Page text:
One thing that the BBC series "Planet Earth" has taught us, through its stunning visual examples and repetition, is that a sea wolf (even if they exist only as characters in the books of Jack London) -- working with an atmosphere so paradox to the one most wolves would work with -- would probably make the aspects of Darwinism twice as strong. They would be like the very specific type of cacti that live in the middle of desert that sometimes doesn't get rain more than once every 50 years and has to rely on a morning fog to provide them with all of the water needed to survive. They're the camels that live off of desert snow. Watching wolves hunt for prey is like viewing desperation. They're almost always hungry and scrawny and sad-looking.
One protagonist in Alex Brown Church's Sea Wolf songs makes a resolution to never sing another sad song and that right there could be seen as the lonely hunter wolf talking, except that there's strength in that resolve. The sad songs that had already been sung hadn't broken the wolf down and therefore become unbearably difficult to participate in anymore. They'd steeled the wolf to the point where he didn't need them anymore. Church's main character doesn't need sad songs anymore and though the residue of them will likely remain an eternity, they'll have just been smeared into the wolf's durable and thick coat, rubbed into the eyes of the lonely hunter and absorbed as helpful history.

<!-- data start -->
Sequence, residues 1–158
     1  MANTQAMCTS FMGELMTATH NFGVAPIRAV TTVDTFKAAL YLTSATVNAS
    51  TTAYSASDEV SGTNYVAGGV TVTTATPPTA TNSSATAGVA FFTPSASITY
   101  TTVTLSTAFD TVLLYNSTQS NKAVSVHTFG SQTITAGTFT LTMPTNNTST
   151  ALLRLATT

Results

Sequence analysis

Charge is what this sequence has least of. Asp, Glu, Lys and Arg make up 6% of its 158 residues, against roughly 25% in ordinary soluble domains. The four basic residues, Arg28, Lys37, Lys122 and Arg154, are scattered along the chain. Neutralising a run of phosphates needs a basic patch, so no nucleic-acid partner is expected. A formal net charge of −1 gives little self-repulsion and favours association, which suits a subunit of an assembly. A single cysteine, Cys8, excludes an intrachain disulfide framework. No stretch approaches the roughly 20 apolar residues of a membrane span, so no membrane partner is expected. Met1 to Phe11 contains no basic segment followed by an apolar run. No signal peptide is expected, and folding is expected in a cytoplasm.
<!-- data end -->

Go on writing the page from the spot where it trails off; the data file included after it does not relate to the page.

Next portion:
Sea Wolf music is soft and delicate, but it doesn't pander to clean or overwrought celebration of melancholy like so many songwriters, sinking into the easy chair that autopilots them to the perfect amount of emotional disagreement and lingering perplexity at the injustice of it. Church allows for the heart and the intellectual mind to explore the different folds of interaction and what is produced is the work of a sensational new voice that looks and sounds like a sea wolf, should you ever see one.
* Essay originally published in 2007
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